Why Mayfield is Publishing a College Map


Click the image above to see the interactive College Map.

As the school year winds down and the Crier staff craft our last issue of the year, writers and editors typically brainstorm ways to include a mix of the usual final Mayfield celebrations and some current events unique to the time. 

One favorite item for May that can be counted on — until now, at least — is the college map proudly displaying where Mayfield’s graduating class will be heading in the fall. And because every class is different, the map also includes several fun facts and figures about the places the graduating class will be going.

This year, however, the significance of a college map was called into question when our advisor, Ms. Gomez, showed us an article about a decision that editors of Palo Alto High School’s student newspaper had made to remove their college map in 2019. The high school, which had two parents involved in the 2019 college admissions scandal, stood by the editors’ decision to eliminate the map due to the toxicity and pressure that it can create within a high-achieving school environment.

In an editorial about this decision, published in their May 2019 issue, the editors wrote: “Frankly, no one can be blamed for valuing the glitz and glamour of a prestigious institution or high GPA. But there’s more to being human than achievement — we think the drive for traditional measures of validation can force students to miss some of the most valuable lessons and experiences high school can offer.”

Our staff both respects and understands Palo Alto’s and others’ decisions to not create a map, and we fully acknowledge that we are in a more privileged position than most due to our excellent school. However, the Mayfield Crier has still chosen to publish a map because we want a way to celebrate ALL of our seniors, no matter where they choose to go from here. 

Accompanying the Class of 2021 map are more specific reasons as to why students are going to certain places based on responses from 30 seniors who responded to a college information survey the Crier circulated: 

  • 60% of those who responded are staying in-state, while 40% are traveling elsewhere. 
    • These figures make a lot of sense considering California kids are lucky enough to have one of the best public university systems in the country. When asked why she was staying in-state, Karissa Ho, who is going to UC Berkeley next year, said “In-state tuition!! And proximity to home. Both are big pluses.”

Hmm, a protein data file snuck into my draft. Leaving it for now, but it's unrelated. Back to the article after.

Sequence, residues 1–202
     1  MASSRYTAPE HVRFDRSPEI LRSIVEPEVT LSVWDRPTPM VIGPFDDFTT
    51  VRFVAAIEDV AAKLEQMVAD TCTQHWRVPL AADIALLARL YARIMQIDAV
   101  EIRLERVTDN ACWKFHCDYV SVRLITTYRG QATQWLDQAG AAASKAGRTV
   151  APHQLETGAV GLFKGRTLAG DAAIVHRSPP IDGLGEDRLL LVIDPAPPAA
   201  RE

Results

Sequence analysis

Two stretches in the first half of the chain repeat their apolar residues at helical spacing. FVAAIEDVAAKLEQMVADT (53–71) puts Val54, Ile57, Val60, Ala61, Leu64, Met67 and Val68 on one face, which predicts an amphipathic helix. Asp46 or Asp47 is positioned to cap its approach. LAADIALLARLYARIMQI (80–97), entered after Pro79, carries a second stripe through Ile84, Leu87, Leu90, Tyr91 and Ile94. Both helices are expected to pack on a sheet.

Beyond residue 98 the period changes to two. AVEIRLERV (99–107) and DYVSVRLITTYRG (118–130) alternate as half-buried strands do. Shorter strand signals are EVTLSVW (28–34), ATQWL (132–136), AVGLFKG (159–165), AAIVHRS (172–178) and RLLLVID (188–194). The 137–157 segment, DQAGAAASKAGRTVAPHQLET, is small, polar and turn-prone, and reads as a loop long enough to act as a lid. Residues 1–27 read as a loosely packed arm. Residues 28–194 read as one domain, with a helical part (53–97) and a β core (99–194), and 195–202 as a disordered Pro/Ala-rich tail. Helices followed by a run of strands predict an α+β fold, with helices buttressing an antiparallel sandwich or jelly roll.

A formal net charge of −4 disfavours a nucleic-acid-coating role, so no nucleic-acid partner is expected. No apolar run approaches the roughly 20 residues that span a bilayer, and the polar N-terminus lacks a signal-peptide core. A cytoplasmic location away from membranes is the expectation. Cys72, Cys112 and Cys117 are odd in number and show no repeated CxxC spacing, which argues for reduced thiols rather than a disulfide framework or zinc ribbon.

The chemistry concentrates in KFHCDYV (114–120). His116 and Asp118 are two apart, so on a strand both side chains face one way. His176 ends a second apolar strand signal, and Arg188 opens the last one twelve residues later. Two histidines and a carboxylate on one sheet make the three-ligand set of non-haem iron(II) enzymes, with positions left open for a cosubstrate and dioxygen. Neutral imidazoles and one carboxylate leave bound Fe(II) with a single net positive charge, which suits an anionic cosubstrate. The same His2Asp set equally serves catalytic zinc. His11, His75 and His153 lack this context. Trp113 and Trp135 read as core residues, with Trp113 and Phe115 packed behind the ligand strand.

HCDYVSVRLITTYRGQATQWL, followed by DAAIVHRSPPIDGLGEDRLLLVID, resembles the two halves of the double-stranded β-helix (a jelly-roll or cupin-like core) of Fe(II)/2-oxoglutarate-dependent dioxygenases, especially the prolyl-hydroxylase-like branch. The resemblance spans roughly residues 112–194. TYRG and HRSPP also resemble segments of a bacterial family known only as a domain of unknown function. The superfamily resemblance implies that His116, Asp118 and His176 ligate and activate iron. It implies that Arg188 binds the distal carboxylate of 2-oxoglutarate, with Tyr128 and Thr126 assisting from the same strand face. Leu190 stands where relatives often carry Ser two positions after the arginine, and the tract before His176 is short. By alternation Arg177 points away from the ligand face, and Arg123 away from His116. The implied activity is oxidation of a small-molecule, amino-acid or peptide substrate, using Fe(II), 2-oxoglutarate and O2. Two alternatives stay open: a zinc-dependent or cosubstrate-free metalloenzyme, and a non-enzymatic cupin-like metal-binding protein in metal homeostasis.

• Some students wanted to take the opportunity that college gives them to explore new territory, such as Elise DeGroot, who is going to Gonzaga: “I figured college will be the only chance I get to explore the US without being committed to stay there (I don’t have to buy/rent a place, find a doctor, etc etc.) I guess it’s the best way to decide if I want to move out of state in the future.”
  • 100% are going to a 4-year university (as opposed to going to a community college, vocational school, or taking a gap year). 
    • Taylor Thorell, who will be going to USC summarized the pervasive thoughts the majority of survey-takers seemed to have: “I felt like it is what I was expected to do, but also it is what I wanted. I have always dreamed of the 4-year college experience.”
    • Many seniors are motivated to go to a 4-year college thanks to the millions of COVID-19 vaccine doses that have been administered in the US so far. Michaela Sinclair, who will be attending Pepperdine in the fall, is one such senior: “There was the possibility of taking a gap year if the vaccine wasn’t where it is today, or if my school wouldn’t go back in person for fall 2021, but the vaccine is becoming widespread and my school is returning to on-campus, in-person education.”  
    • Some were seriously considering community college: “I was thinking of going to community college because it is very cost-effective,” said Anna Ochniak. “You can get a lot of gen ed classes out of the way for a low cost.” Anna elected to go to UC Davis. “I got into a university that has the programs I’m interested in that the community college did not have,” Ochniak said.
    • Bear in mind that this is only 30 students out of all 81 of us. If you know someone who is taking a gap year, going to community college, or choosing another path altogether, celebrate their awesome future too!
  • Fun Fact:  54% of the seniors who responded are going to colleges with acceptance rates of 40% or higher, and 100% of the respondents are going to amazing schools I know they will enjoy.
Author Esme Chiara is going to be a zoology major at NC State in the fall. NC State is located in the capital city of Raleigh in North Carolina (and has an acceptance rate of 45%). (Esme Chiara)

The Mayfield Crier has decided to publish a college map, with the inclusion of community colleges, and any plans for gap years, and colleges near and far. I worked hard to get to where I am now, and I know for a fact that my peers did too. We did it, Class of 2021, and we should be honored for it!